“At first, Rooki Bear, your daddy didn’t know if you would ever be okay. Everything worried you. It wasn’t your fault. Everything you saw you were seeing for the first time. Even lights, even leaves on trees. Even a stick. Everything you heard you were hearing for the first time. Everything that moved was moving in a way the little Rooki never saw before. You were locked up all alone, so you never had a chance to see anything or learn anything. There you were, the littlest girl of the world where no one ever helped her or protected her. No one played with you. You had nothing to do and no reason to expect anything good from people. They were mean and all they ever did was push you around and yell at you.

“But right away your daddy found out that you weren’t the little scaredy-dog some people thought you were. Yes, Chigi. Daddy saw that what you really were was the bravest little puppy in the world. Even though you were just a little puppy, you were already the bravest dog in the world, with the biggest heart any dog ever had. And dogs, as you know better than anyone, have the biggest hearts in the world. This heart, here, Chig,” I put my hand on the fine fur on the hard curve of her rib cage. “Here is the big, strong heart. And do you know how the daddy knew you were so brave, Chig?”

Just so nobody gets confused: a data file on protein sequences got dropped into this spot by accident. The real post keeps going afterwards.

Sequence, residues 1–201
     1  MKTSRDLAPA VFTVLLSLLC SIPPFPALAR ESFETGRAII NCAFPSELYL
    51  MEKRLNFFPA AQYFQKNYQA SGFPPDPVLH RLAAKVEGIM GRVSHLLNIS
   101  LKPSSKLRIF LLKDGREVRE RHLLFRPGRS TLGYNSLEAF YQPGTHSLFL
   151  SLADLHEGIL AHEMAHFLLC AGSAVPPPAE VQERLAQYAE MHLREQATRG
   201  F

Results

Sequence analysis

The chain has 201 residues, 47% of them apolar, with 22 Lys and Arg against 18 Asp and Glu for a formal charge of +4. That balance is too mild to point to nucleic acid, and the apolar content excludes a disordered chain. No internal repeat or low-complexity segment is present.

Roo’s brown eyes were shining and looked so deep and she kept them steadily on mine as I spoke and any time I paused for longer than it took to take a breath, she let me know that she wanted me to go on with a twitch of her paw on my shoulder. I choose to believe that she understood it all, maybe in the way of a dog, but she understood. She understood the love and she understood the connection and this time with her was as important to her as it was to me and I know that as surely as I still breathe and she doesn’t and it was the only thing that equipped me to believe that I had not prolonged Roo’s life for too long.